|Appears in Collections:||Biological and Environmental Sciences Journal Articles|
|Peer Review Status:||Refereed|
|Title:||High Survivability of Micrometeorites on Mars: Sites With Enhanced Availability of Limiting Nutrients|
|Author(s):||Tomkins, Andrew G|
Genge, Matthew J
Tait, Alastair W
Alkemade, Sarah L
Langendam, Andrew D
Perry, Prudence P
Wilson, Siobhan A
|Citation:||Tomkins AG, Genge MJ, Tait AW, Alkemade SL, Langendam AD, Perry PP & Wilson SA (2019) High Survivability of Micrometeorites on Mars: Sites With Enhanced Availability of Limiting Nutrients. Journal of Geophysical Research: Planets, 124 (7), pp. 1802-1818. https://doi.org/10.1029/2019je006005|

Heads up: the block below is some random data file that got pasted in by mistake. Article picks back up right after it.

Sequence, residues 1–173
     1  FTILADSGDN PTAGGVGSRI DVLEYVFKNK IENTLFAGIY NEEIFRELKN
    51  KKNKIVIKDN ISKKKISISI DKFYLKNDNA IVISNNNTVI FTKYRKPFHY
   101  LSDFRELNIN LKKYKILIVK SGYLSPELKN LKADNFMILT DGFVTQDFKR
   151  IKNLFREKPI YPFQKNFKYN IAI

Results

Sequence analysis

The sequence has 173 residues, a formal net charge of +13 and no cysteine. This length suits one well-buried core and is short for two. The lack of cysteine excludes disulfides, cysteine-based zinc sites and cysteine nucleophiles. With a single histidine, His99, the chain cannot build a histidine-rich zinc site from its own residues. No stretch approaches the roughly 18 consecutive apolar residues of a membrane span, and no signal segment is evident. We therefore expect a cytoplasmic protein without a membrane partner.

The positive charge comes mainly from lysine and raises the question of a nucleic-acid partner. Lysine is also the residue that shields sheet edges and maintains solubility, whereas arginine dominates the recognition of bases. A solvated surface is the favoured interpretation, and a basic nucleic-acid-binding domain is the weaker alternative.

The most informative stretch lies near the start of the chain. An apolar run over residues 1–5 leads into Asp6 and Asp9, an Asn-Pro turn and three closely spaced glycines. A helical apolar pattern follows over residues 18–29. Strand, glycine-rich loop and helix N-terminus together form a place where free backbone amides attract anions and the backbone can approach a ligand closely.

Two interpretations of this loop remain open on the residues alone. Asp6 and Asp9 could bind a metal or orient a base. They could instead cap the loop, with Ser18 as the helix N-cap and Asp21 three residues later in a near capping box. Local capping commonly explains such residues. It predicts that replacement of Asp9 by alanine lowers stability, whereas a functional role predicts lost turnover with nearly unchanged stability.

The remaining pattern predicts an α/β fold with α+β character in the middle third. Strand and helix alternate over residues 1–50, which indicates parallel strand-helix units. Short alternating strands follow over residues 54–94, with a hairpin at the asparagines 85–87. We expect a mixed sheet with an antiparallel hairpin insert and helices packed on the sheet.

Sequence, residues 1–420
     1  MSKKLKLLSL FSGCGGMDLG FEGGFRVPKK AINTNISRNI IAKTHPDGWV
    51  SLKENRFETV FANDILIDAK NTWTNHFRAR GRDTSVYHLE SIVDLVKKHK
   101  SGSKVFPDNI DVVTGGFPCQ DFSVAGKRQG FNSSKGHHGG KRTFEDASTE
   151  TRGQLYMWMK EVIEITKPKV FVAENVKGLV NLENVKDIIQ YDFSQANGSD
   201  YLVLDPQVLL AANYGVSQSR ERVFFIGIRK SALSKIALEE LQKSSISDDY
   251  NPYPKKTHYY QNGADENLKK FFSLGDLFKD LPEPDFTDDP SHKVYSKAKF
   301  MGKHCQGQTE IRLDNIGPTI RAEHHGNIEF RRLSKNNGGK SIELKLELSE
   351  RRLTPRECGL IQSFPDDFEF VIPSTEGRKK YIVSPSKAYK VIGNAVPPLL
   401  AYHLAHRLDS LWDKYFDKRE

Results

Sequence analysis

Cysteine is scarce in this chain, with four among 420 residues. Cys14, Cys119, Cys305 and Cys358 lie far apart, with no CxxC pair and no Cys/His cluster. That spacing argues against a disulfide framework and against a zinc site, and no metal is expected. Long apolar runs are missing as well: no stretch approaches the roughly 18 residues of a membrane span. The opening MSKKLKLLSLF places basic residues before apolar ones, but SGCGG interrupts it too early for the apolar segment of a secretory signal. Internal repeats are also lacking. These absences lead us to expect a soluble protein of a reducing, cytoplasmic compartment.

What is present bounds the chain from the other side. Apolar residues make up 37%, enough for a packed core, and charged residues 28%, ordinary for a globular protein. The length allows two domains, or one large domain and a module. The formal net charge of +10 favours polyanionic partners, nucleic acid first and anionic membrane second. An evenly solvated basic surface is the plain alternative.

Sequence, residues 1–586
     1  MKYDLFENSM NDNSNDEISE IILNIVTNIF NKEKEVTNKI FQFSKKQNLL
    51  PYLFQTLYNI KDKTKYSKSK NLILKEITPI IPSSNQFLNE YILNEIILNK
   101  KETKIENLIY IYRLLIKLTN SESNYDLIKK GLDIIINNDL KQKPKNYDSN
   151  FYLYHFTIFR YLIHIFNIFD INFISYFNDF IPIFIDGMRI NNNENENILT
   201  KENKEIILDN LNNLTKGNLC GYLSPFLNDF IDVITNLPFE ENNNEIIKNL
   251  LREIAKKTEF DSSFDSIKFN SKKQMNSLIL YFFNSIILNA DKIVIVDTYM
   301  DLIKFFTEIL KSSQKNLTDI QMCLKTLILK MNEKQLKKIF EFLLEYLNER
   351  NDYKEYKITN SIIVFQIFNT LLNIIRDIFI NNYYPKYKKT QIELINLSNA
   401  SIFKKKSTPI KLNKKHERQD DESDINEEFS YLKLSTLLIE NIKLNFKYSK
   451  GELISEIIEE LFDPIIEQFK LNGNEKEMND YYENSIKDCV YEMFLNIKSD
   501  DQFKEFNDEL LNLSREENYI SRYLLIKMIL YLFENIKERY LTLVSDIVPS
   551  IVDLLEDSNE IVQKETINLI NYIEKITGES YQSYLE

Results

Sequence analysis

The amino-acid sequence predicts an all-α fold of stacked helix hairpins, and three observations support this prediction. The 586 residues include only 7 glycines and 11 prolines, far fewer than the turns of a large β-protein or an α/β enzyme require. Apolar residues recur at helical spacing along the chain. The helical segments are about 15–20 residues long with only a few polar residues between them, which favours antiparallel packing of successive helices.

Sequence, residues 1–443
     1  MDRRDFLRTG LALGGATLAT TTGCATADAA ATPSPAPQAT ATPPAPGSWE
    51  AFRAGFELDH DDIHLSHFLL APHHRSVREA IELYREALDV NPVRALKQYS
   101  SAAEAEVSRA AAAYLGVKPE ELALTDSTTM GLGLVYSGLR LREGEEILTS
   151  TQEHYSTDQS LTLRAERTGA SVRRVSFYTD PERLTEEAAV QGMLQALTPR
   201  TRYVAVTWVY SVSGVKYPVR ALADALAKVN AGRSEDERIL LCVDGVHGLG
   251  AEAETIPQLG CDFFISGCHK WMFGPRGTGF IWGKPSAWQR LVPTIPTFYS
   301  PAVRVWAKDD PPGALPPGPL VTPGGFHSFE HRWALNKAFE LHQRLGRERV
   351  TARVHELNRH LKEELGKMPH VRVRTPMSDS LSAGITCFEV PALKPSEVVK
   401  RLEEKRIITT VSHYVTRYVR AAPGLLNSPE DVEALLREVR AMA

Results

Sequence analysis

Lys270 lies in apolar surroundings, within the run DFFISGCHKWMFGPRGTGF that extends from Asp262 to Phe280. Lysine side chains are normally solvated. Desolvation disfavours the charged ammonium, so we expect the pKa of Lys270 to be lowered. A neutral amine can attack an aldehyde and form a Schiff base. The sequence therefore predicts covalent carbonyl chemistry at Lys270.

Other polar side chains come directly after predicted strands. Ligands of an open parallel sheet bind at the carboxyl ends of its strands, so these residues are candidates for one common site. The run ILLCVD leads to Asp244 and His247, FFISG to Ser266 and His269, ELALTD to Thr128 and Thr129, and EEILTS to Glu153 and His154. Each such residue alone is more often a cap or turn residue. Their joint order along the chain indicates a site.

|Abstract:||NASA's strategy in exploring Mars has been to follow the water, because water is essential for life, and it has been found that there are many locations where there was once liquid water on the surface. Now perhaps, to narrow down the search for life on a barren basalt‐dominated surface, there needs to be a refocusing to a strategy of “follow the nutrients.” Here we model the entry of metallic micrometeoroids through the Martian atmosphere, and investigate variations in micrometeorite abundance at an analogue site on the Nullarbor Plain in Australia, to determine where the common limiting nutrients available in these (e.g., P, S, Fe) become concentrated on the surface of Mars. We find that dense micrometeorites are abundant in a range of desert environments, becoming concentrated by aeolian processes into specific sites that would be easily investigated by a robotic rover. Our modeling suggests that micrometeorites are currently far more abundant on the surface of Mars than on Earth, and given the far greater abundance of water and warmer conditions on Earth and thus much more active weather system, this was likely true throughout the history of Mars. Because micrometeorites contain a variety of redox sensitive minerals including FeNi alloys, sulfide and phosphide minerals, and organic compounds, the sites where these become concentrated are far more nutrient rich, and thus more compatible with chemolithotrophic life than most of the Martian surface.|
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